Below is a tribute poem to Grania Uaile (Grace O’Malley)…Queen of Clew Bay, Irish chieftain, pirate, trader and seafarer. I have been told by my mother that she is an ancestor of ours. Historians have varying perceptions as to her virtues and vices, but no one can deny that she was a fierce and strong woman who fought for the people she loved. Definitely a woman ahead of her time.
Oh, no; ’twas not for sordid spoil
Of barque or seaboard borough
She ploughed, with unfatiguing toil,
The fluent, rolling furrow;
Delighting on the broad back’d deep,
To feel the quivering galley
Strain up the opposing hill, and sweep
Down the withdrawing valley.
Or, sped before a driving blast,
By following seas up-lifted,
Catch, from the huge heaps heaving past
And from the spray they drifted,
And from the winds that tossed the crest,
Of each wide-shouldering giant,
The smack of freedom and the zest
Of rapturous life defiant.
Sweet when crimson sunsets glow’d
As earth and sky grew grander,
Adown the grass’d unechoing road,
Atlanticward to wander,
Some kinsman’s humbler heart to seek
Some sick bedside, it may be,
Or, onward reach, with footsteps meek,
The low, grey, lonely abbey.
~Sir S. Furguson
Some interesting folklore: Even though she had long, dark hair, Grace is often called ‘Grace the Bald’. It is said that when Grace was a young girl, she asked her father if she could sail with him. He refused to take her, because she was a girl. However, Grace was determined to go with him, so she cut off all her hair and dressed in boys’ clothes. She went back to her father and said, ‘Now will you take me?’
And so the adventures began…
One memorable story shows how Grace dealt with her enemies. Grace and Sir Richard Bingham were deadly enemies. He had been sent to the west of Ireland by the Queen of England to control the Irish. He made life very difficult for Grace, taking her lands and cattle. Once, Bingham locked her away in jail. Grace became so angry that, in 1593, she wrote to Queen Elizabeth I to complain about Bingham and his nasty ways. Elizabeth agreed to see Grace. It is also saidi that during that meeting with Queen Elizabeth, Grace sneezed in the presence of the Queen and her lords and ladies. A member of the court, in an act of politeness, handed Grace an attractive and expensive lace handkerchief. She took the delicate cloth and proceded to blow her nose loudly then tossed the kerchief into a blazing fireplace. The members of the court were aghast that she would be so rude to toss an expensive gift so easily into the fire. The Queen then scolded her and said that the handkerchief was meant as a gift and should have been put into her pocket. Grace replied that the Irish would never put a soiled garment into their pocket and apparantly had a higher standard of cleanliness. After a period of uncomfortable silence, (during which the members of the court expected the Queen to have Grace executed for her rude behavior) nervous then roaring laughter followed. The Queen was amused.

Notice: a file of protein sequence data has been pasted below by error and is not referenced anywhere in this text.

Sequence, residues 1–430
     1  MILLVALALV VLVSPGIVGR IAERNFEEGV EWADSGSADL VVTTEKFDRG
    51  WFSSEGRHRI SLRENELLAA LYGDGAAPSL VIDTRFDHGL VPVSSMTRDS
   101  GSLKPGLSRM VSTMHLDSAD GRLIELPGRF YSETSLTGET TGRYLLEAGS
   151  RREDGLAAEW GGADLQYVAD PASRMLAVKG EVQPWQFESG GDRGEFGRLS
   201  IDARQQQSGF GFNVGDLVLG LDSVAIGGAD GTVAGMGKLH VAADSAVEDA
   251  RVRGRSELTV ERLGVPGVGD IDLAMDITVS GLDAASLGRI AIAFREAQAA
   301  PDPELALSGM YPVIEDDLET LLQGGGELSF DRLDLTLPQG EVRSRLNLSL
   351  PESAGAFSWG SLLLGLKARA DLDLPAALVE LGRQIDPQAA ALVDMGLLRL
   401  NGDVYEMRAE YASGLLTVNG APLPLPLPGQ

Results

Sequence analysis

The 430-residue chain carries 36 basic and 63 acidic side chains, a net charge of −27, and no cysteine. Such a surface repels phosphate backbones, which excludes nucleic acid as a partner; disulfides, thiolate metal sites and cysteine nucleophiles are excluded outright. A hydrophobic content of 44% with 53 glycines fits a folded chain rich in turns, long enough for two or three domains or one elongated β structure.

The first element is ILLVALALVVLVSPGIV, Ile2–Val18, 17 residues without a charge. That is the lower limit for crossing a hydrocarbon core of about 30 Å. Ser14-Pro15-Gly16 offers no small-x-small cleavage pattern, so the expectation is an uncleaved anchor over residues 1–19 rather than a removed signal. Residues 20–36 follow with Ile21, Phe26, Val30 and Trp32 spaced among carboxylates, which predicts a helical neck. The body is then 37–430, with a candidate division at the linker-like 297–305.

She was also a mother who protected her own. Grace’s son Tibbott (Toby) was born aboard her ship. She defended her new-born son from an attack from Barbary Pirates.
Grace was definitely used to living life on the edge and taking risks. Another interesting tidbit: Grace loved to play cards – one of her nicknames was ‘Grace of the Gamblers’.
In another story, Grace arrived at Howth Castle and requested hospitality. When she was refused because the “family was at supper” she kidnapped the young heir and held him until Baron Howth promised that the gates of his castle would never again be closed to unexpected visitors and to have an extra place set at every meal.